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Eamonn McManus

Eamonn McManus is the technical lead of the JavaFX Authoring Tool team at Oracle Corporation. Before that, he was the tech lead of the JMX team, and headed the technical work on JSR 255 (JMX API 2.0) and JSR 262 (Web Services Connector for JMX Agents). In a previous life, he worked at the Open Software Foundation's Research Institute on the Mach microkernel and countless other things, including a TCP/IP stack written in Java. In an even previouser life, he worked on modem firmware in Z80 assembler. He is Irish, but lives and works in France and in French. His first name is pronounced Aymun (more or less) and is correctly written with an acute accent on the first letter, which however he long ago despaired of getting intact through computer systems.


emcmanus's blog

JMX technology and NetBeans

Posted by emcmanus on November 8, 2005 at 10:32 AM PST

There's a plugin for NetBeans that supports the JMX API. It allows you to create and modify JMX MBeans through a wizard, to create unit tests for them, and to run an application and simultaneously attach to its JMX instrumentation.

Excellent article by Ron Bodkin about using AspectJ and JMX technologies for monitoring

Posted by emcmanus on November 5, 2005 at 5:53 AM PST

Ron Bodkin has written an excellent, detailed

about using the
project. This combines AspectJ and JMX
technologies to add monitoring to applications in a clean and
modular way.

Adding Descriptors to MBeans in Mustang

Posted by emcmanus on October 22, 2005 at 9:41 AM PDT

Descriptors allow you to give additional information about
MBeans to management clients. For example, a Descriptor on an
MBean attribute might say what units it is measured in, or what
its minimum and maximum possible values are. As of Mustang
(Java SE 6), Descriptors are a basic part of the JMX API and are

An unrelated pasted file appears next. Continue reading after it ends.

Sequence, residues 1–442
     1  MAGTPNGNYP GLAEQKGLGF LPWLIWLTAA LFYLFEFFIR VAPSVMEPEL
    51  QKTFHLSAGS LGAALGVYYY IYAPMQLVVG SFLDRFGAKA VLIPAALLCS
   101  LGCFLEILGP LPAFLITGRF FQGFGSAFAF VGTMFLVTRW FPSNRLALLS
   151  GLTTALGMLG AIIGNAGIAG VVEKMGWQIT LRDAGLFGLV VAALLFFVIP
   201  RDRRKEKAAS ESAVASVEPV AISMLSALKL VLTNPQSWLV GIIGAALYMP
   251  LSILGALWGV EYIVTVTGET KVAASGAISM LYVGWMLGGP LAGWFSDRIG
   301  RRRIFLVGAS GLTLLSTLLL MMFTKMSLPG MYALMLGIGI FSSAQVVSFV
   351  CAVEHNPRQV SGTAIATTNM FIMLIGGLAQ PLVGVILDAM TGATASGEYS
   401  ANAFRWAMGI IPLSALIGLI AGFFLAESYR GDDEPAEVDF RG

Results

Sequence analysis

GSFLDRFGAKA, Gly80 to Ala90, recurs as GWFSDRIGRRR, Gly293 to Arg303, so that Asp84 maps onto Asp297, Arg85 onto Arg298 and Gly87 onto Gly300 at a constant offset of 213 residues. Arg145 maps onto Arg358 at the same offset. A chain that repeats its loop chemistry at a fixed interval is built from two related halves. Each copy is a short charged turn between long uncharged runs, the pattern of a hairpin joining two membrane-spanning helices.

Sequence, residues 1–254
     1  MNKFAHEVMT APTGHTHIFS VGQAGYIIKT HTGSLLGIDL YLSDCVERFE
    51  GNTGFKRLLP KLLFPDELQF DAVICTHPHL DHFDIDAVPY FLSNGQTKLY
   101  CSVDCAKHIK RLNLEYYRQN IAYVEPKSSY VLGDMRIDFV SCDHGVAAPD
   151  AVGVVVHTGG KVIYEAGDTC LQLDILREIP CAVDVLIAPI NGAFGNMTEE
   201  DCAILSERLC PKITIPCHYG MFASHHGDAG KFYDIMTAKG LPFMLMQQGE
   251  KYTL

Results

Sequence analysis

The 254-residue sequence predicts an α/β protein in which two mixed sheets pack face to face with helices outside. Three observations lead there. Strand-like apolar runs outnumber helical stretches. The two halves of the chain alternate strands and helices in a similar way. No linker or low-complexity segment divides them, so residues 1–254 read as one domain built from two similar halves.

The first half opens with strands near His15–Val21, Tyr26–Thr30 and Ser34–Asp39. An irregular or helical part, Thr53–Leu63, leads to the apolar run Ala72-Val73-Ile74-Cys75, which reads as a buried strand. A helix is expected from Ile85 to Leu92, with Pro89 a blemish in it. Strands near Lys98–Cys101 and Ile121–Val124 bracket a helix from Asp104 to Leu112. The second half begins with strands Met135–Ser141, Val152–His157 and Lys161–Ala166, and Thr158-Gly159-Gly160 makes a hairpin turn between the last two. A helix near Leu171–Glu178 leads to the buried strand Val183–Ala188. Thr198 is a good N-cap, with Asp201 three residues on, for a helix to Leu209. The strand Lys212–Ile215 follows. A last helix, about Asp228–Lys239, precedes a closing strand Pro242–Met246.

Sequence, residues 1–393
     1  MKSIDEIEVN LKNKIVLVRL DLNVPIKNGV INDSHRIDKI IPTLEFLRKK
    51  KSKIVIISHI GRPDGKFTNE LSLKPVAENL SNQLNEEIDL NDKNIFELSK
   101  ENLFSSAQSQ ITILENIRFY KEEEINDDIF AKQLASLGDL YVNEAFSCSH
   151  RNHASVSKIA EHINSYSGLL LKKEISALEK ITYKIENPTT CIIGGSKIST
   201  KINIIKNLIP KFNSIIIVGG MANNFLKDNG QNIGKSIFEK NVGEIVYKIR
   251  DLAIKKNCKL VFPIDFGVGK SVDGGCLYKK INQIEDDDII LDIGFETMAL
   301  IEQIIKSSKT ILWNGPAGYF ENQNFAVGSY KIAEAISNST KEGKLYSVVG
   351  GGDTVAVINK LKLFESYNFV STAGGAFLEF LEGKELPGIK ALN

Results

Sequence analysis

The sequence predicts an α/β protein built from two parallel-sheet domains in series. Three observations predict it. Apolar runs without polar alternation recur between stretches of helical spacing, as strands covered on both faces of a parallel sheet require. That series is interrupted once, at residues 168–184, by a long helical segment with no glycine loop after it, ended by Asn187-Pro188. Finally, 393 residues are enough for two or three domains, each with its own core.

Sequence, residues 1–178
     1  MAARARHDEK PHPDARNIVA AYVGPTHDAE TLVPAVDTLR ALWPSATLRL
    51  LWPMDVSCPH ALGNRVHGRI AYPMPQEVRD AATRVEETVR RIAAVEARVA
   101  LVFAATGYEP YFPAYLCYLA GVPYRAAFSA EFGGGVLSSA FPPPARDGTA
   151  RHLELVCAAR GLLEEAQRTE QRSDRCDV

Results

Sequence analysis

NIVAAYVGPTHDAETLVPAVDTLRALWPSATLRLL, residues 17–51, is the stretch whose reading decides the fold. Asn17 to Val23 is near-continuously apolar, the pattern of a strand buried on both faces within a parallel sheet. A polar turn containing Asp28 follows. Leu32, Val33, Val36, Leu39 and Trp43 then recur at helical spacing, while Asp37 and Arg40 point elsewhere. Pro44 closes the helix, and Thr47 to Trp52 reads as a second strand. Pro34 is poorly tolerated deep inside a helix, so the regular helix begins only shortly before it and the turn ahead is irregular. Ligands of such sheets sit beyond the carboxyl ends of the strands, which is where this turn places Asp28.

available in all types of MBeans.

Mustang JDK now includes attach-on-demand

Posted by emcmanus on September 29, 2005 at 9:32 AM PDT

The Tiger JDK introduced a nifty feature whereby you could run an application with and then later connect to it using the jconsole tool. That allows you to see the JVM's instrumentation (memory, classes, threads) plus any JMX instrumentation you've defined yourself.

Why aren't MXBeans OpenMBeans?

Posted by emcmanus on September 16, 2005 at 7:08 AM PDT

In a
on my last entry, rgreig asks:

One thing that struck me about MXBeans is that they are
really fusion of standard MBeans and OpenMBeans, since they only
use standard types. However they don't actually conform to
OpenMBean conventions.

Optimizing the internals of the MBean Server

Posted by emcmanus on September 14, 2005 at 1:12 PM PDT

Summer is of course the time when people take their vacation,
and nowhere more so than here in France.

Compiling the JMX API in Mustang

Posted by emcmanus on August 30, 2005 at 9:10 AM PDT

The Java SE sources are downloadable from, and you can
change and extend them within the constraints of the relevant
licenses. But building the whole of Java SE is a major
undertaking. Here's how to build just the JMX API. The same
ideas would apply to building other subsets of Java SE that are

Good advice for coding listeners

Posted by emcmanus on July 29, 2005 at 4:01 AM PDT

The consistently excellent Brian Goetz has written a new article in his Java Theory and Practice series entitled "Be a good (event) listener". Since listeners are an important part of the JMX API, here's how his advice applies there.

Adding information to a Standard MBean interface using annotations

Posted by emcmanus on July 25, 2005 at 9:52 AM PDT

With a Standard MBean, you define the management interface of
the MBean using a Java interface. Getters and setters in the
interface define attributes, and other methods define operations.
But the only information extracted out of the interface is the
names and types of the attributes and operations, and just the
types of the operation parameters.

WeakReferences and Dynamic Proxies

Posted by emcmanus on July 21, 2005 at 6:45 AM PDT

I talked about how you can use

to allow a resource to be
garbage collected even if it is referenced by another object,
a JMX MBean in the case in question.